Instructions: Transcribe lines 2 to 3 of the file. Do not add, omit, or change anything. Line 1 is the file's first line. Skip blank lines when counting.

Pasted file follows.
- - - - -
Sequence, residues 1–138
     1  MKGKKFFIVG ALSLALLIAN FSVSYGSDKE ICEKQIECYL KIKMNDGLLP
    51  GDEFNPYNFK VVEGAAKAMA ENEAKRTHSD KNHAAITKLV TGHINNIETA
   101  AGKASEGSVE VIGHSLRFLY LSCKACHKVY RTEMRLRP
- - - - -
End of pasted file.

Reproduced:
     1  MKGKKFFIVG ALSLALLIAN FSVSYGSDKE ICEKQIECYL KIKMNDGLLP
    51  GDEFNPYNFK VVEGAAKAMA ENEAKRTHSD KNHAAITKLV TGHINNIETA